With almost indecent haste, autumn is already upon us in this turbulent, extraordinary year of 2020.  

I travelled down to the south coast , with my small bubble of independent travel enthusiast friends, on a mission to explore the beautiful and varied east Dorset coast and its three principal towns Bournemouth, Christchurch and Poole, finding out why they are well worth a visit in September , October and beyond into the winter months. We were of course also looking to briefly escape the lockdown life we’ve all been experiencing over the last six months. 

The travel and tourism industries have taken a battering during the Covid 19 crisis but here I hope to suggest ways everyone can help a little by shining a light on the towns’ best accommodation,  cafes and restaurants, the most exciting attractions and activities, the most scenic walks , stunning scenery, fascinating but little - known museums and galleries and of course the amazing fifteen miles of sandy beaches and rugged coastline.

All the following outings and journeys were conducted safely and at a social distance, with the genuine intention of supporting local businesses while seeking out the best value -for- money experiences or indeed highlighting the many ways visitors can enjoy themselves for free. 

The historic and maritime town of Poole, with its pristine award - winning golden sands, Europe’s biggest natural harbour and stunning views of the nearby Jurassic Coast was the last stop on our Dorset coast adventure after most enjoyable sojourns in neighbouring Bournemouth and Christchurch.  We stayed in The Houseboat - a luxurious, split level, glass-fronted RIBA property, situated at the western end of Poole Harbour in a secluded part of Hamworthy. This breath-taking position enabled us to easily enjoy and discover stunning scenery and wildlife which none of us had expected!  Ham Common is both a Site of Special Scientific interest and An Area of Outstanding Beauty. 

A view out over Canford Cliffs in Poole, Dorset

Watersports and marine activities of all types are a major feature of life around the expansive Poole Harbour whatever your level of expertise and at any time of year - from windsurfing to sailing, canoeing to stand up paddle boarding, swimming to fishing.  

We continued our exploration of Poole on the wonderfully convenient and plentiful Beryl Bikes and made our way to Poole Quay which exudes both history and ultra-modernity. We were delighted to learn that many of the area’s beauty spots, attractions, shops and bars were open post lockdown and eagerly jumped aboard a zingy yellow ferry to visit the extraordinary Brownsea Island, a veritable National Trust treasure. We were amazed and entranced by the breadth of Brownsea’s biodiversity - not only the uber rare red squirrels and strutting peacocks but a huge variety of migrating birds, spiders and tree species in a plethora of diverse habitats. Being September, we had the extra treat of enjoying the landscape in all its joyous autumn glory – a swathe of red, russet, orange and yellow was a veritable feast for our tired but happy eyes!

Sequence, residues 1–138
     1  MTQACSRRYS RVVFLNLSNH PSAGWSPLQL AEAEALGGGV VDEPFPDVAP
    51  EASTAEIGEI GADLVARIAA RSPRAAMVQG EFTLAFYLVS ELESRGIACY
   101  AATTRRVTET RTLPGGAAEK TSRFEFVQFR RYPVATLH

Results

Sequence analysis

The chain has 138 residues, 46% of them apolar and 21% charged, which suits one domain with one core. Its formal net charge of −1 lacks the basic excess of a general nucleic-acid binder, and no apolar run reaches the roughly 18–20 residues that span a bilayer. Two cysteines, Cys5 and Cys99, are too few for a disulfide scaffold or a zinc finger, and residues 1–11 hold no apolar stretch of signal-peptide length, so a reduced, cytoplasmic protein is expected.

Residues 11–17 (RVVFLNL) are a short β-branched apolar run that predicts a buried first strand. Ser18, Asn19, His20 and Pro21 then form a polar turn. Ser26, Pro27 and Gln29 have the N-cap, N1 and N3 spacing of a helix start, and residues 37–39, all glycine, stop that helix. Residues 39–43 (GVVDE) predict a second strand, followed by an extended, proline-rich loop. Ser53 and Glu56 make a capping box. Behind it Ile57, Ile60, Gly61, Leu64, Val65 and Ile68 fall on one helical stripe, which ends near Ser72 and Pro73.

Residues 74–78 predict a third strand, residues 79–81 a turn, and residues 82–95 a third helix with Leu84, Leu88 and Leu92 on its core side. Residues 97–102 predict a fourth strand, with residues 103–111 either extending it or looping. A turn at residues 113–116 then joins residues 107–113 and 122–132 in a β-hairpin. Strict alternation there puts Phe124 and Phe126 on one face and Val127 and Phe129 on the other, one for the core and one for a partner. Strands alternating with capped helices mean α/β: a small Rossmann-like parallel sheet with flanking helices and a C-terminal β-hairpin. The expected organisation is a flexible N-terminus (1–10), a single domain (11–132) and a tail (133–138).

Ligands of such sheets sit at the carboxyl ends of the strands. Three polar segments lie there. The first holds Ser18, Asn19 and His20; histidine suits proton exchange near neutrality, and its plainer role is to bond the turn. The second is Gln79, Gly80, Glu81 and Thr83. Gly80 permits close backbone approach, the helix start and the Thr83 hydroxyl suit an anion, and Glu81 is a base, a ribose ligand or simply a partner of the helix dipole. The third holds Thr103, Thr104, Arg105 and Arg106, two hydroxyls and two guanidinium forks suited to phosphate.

Brownsea Island yellow ferry floating across the bay, Credit: BCP TourismBack in The Old Town we soaked up some more intriguing social history at Poole Museum before heading to Sandbanks, with its eye wateringly expensive real estate and less talked about but nevertheless amazing seafront.  Like the entire coastline we had explored across Christchurch and Bournemouth, Poole’s beaches were sandy, clean and much populated by runners, cyclists, windsurfers and dog walkers! 

Our farewell dinner to East Dorset was at the exceptional Rick Stein with yet more panoramic views of Poole Harbour and stunning fish and seafood to sample, all enjoyed in a convivial, buzzy atmosphere with first class, unobtrusive service. Other great places to eat included Rockfish PooleOriel Café, The Guildhall Tavern and The Custom House Café all on The Quay. 

We sadly ran out of time and had to eventually  climb on the train back to London , but we had the best British escape from the everyday adventure you can possibly imagine – delicious food and drink, stunning nature , dreamy walks , sandy beaches, luxurious accommodation , lots of laughs and the warmest of welcomes from the good people of Bournemouth, Christchurch and Poole. 

View out onto Poole Harbour from Rick Stein restaurant in Sandbanks, Dorset




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